Because illiteracy is a major problem in the Windy City, the Chicago Transit Authority launched the ‘Books on the L’ program to encourage more passengers to read.
Chicago may be known for its poor education system and rife gang violence, but there’s another issue plaguing the Windy City few are aware of: illiteracy.
For a week in October, the city held Chicago Ideas Week, a seven-day celebration of innovation and local business. One of the bright ideas during this week was for Chicago Transit Authority to launch the ‘Books on the L’ programs.
During the week, city officials allowed – and encouraged – commuters to sift through some of the hundreds of books on the train cars and read while transiting.
The passengers were asked to leave the books behind once they got off at their stop so that other riders could also benefit from the words of wisdom.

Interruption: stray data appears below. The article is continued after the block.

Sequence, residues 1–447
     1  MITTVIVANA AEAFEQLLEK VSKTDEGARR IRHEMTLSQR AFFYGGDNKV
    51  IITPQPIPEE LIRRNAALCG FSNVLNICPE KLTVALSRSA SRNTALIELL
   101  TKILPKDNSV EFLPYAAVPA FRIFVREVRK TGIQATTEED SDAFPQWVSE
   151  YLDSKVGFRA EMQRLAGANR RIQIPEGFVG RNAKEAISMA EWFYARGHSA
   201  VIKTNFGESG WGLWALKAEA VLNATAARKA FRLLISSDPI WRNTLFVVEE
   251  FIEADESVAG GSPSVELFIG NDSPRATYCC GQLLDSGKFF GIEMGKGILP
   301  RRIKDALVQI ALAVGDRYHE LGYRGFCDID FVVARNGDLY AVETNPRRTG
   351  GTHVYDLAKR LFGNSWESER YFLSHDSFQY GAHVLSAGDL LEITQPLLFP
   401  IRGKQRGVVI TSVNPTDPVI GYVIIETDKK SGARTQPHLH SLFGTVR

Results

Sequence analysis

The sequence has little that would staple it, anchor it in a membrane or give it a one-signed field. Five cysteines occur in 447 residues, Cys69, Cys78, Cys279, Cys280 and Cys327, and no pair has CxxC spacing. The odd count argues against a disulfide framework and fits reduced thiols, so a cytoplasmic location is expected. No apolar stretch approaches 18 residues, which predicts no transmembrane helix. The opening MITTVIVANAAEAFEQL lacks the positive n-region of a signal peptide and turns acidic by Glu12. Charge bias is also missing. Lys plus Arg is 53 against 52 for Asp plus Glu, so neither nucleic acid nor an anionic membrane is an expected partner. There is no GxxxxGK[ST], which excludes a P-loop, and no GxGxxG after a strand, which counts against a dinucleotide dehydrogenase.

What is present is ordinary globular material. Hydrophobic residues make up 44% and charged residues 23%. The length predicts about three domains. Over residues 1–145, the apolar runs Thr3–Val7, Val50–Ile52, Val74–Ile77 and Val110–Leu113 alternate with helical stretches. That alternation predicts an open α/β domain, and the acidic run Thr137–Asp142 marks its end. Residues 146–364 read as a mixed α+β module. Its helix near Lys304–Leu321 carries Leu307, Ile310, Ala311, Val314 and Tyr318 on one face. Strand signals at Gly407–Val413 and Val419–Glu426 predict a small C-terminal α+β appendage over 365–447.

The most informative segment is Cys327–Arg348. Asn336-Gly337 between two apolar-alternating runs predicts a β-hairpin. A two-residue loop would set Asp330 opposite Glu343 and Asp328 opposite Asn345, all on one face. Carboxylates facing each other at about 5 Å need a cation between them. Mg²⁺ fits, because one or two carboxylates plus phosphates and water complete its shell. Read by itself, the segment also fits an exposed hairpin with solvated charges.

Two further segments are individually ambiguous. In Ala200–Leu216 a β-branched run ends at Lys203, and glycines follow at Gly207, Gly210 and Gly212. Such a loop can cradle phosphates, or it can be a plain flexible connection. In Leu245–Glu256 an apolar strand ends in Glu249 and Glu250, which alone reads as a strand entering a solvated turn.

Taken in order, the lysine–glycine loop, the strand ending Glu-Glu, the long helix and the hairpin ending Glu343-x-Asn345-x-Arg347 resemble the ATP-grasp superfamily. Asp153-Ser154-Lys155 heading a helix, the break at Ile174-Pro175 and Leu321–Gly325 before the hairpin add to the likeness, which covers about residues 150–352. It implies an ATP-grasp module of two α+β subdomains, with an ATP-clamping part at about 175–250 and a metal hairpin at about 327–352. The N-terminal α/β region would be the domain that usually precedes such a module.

“It fits in with our general mission to spread ideas,” said Chicago Ideas Week managing editor Erin Robertson. “It’s great for people to find something on the El that’s such a positive initiative. It’s a really positive way to start or end your day.”
The concept actually began in London with a program called ‘Books on the Underground’. It then made its way to New York City with a program called ‘Books on the Subway’.
So far, the project is getting an array of feedback on social media through the hashtag, #BooksontheL. And it’s not just riders who push the ideas – publisher support is a key element to the success of the project.
Perhaps other cities will hop on board and adopt similar in the future!
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